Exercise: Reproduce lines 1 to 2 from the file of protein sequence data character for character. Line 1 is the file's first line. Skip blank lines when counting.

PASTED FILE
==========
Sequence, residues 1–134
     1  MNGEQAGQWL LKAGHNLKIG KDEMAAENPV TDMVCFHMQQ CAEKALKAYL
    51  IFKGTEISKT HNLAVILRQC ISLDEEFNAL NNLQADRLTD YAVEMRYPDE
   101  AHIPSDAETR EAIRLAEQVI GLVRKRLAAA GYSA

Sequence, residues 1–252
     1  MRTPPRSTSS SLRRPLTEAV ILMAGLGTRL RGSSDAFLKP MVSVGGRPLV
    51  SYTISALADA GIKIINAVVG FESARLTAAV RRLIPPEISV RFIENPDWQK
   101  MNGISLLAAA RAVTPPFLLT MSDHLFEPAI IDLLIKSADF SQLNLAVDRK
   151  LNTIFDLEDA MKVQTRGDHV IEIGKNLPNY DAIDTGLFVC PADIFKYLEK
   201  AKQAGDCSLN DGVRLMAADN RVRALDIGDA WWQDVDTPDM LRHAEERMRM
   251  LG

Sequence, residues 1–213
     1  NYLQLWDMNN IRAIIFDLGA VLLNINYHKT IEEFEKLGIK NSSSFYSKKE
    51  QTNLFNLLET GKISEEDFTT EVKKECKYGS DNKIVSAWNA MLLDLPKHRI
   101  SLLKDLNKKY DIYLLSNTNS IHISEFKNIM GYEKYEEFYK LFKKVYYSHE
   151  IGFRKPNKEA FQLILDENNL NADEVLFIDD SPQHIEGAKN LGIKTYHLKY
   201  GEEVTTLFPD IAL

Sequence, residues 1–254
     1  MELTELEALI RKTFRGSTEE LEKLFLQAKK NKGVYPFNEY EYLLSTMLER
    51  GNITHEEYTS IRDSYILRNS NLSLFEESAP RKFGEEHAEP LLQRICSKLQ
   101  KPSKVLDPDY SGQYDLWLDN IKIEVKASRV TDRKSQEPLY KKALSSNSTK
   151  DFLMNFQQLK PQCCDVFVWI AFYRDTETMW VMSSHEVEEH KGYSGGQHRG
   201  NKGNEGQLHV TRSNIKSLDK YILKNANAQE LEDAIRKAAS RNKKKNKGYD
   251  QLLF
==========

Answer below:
Sequence, residues 1–134
     1  MNGEQAGQWL LKAGHNLKIG KDEMAAENPV TDMVCFHMQQ CAEKALKAYL